7 grades vary from state to state; however, reading scores from the statewide assessment are a required component of the process (NCLB, 2002). Grades are important to schools for many reasons. Students that are attending failing schools may become eligible for supplemental services such as tutoring, after-school help, and summer school. If a school does not meet the requirements for AYP for two years, and continues to be identified as in need of improvement after receiving special assistance and additional resources, its students become eligible to attend another school with transportation provided (NCLB, 2002). NCLB also provides an option for monetary penalties to be enforced if school grades do not improve over time. For those schools that continue to fall short of the requirements for AYP, sources of funding may be removed. Thus, a school that incurs a financial penalty because of inadequate performance may be forced to remove programs and personnel that were paid for by the additional funding. On the other hand, schools that receive high grades or demonstrate significant improvement can be rewarded for their success. Additional funding may be awarded that may be used for various purposes such as purchasing extra supplies and increasing teacher salary (NCLB, 2002). The fundamental principle behind this movement is that financial penalties/rewards will provide motivation for teachers, administrators, and other educators to work harder to improve student performance. A schools reputation is also tied to the grade that it receives. Although other factors such as the composition of the schools population (e.g., high versus low SES) are important considerations when deciding its effectiveness, the reality is that grades are the primary emphasis in an accountability driven system. Because the focus of the system is
8 on outcomes, schools that receive higher grades may be considered exemplary, whereas those that perform poorly may be viewed as inadequate. The resulting reputation can effect the decisions of parents, teachers, administrators, and other educators. Parents of children zoned for a failing school may decide to find an alternative site for their childs education (i.e., school choice; see NCLB, 2002). Qualified teachers and administrators may also target schools with a reputation for success over those that are underachieving. Test Preparation. Because of the decisions that are being made with these highstakes outcome assessments, many schools spend an inordinate amount of time preparing their students for these tests (i.e., teaching to the test). In many cases, individual teachers, grade levels, and even entire schools will stop regular instruction weeks before the assessment. Testing procedures, strategies, and practice problems are reviewed and drilled in an attempt to provide students with an opportunity to perform. These practices are particularly evident in schools/grades where automatic retention or previous poor performance is an issue. Although spending time to prepare students for these assessments may seem necessary in an accountability-based system, such procedures significantly reduce valuable academic instruction time. While the long-term effects of reducing academic instruction time for test preparation are unknown, researchers have consistently demonstrated that spending more time teaching academic tasks leads to improved student performance (e.g., Fisher et al., 1978; Hawley & Rosenholtz, 1984). For example, Fisher et al. (1978) examined the achievement test scores of second grade students after they received varying amounts of reading instruction per week for five week intervals. When 100 minutes per week of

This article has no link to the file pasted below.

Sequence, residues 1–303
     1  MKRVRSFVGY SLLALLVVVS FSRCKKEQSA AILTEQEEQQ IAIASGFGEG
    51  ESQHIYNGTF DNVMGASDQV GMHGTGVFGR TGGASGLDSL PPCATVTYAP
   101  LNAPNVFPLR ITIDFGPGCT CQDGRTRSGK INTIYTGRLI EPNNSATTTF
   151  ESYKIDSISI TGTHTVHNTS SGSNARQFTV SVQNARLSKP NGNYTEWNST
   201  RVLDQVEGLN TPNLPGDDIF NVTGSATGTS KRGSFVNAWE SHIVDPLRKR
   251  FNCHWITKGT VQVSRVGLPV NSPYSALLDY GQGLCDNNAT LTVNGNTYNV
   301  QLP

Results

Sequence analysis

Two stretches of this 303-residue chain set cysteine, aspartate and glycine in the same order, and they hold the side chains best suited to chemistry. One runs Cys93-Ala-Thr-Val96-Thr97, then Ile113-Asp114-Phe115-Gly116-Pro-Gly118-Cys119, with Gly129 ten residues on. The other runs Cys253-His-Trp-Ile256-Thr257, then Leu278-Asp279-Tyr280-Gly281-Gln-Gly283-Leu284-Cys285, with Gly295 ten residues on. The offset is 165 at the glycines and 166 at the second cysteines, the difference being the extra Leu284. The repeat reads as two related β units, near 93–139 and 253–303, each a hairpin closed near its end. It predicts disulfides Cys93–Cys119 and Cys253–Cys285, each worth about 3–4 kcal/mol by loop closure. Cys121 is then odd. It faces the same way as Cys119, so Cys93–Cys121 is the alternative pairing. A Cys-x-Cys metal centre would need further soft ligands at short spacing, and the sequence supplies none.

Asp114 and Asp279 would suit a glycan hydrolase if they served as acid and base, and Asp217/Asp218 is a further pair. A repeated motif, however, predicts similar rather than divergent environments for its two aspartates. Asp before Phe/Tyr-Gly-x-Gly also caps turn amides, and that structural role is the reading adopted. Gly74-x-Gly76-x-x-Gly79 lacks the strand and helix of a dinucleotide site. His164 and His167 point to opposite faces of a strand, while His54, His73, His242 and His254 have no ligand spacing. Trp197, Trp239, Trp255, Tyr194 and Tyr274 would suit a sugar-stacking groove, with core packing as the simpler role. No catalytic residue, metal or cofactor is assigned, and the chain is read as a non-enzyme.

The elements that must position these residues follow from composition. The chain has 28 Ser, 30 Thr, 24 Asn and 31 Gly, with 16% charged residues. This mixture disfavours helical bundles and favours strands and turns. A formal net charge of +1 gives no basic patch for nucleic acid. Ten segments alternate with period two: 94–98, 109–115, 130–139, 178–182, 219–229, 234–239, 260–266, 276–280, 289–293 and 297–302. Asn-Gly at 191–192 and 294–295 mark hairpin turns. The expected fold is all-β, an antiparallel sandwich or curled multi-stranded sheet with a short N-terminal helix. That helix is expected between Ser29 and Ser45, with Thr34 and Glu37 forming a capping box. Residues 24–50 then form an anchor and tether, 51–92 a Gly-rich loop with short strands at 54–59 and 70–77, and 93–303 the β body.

9 instruction in reading was received, student performance lagged behind entry-level percentiles. When the amount of time was increased to 573 minutes per week, percentiles on the test remained stable. However, when 1300 minutes per week was spent learning to read, the percentile scores increased significantly. Thus, as academic instruction time increased, performance on achievement tests improved. Although an explicit link has not been made between decreased academic instruction and student performance on statewide assessments, results from Fisher et al. suggest that the practice of teaching to the test may be detrimental to student learning. Importance of Predicting Outcomes The amount of time spent on test preparation, as well as issues surrounding retention and school grades make the prediction of outcomes on statewide assessments more important than ever. A study conducted by Buly and Valencia (2002) indicated that students fail statewide assessments for a myriad of reasons. The authors stated that students who do not meet the criterion for passing may be deficient in a number of critical areas such as decoding, vocabulary, fluency, and comprehension. Moreover, the data obtained by statewide assessments do not allow for in depth analysis of a students strengths and weaknesses. Further assessment would be necessary to determine the skill areas in which the student is deficient, further delaying the targeted instruction the child requires. If student performance could be estimated early, schools could employ preventative measures to ensure that those students who are identified as at-risk for reading failure receive additional assistance. School-wide screening systems could be developed that identify struggling students for early and intensive intervention, a key component in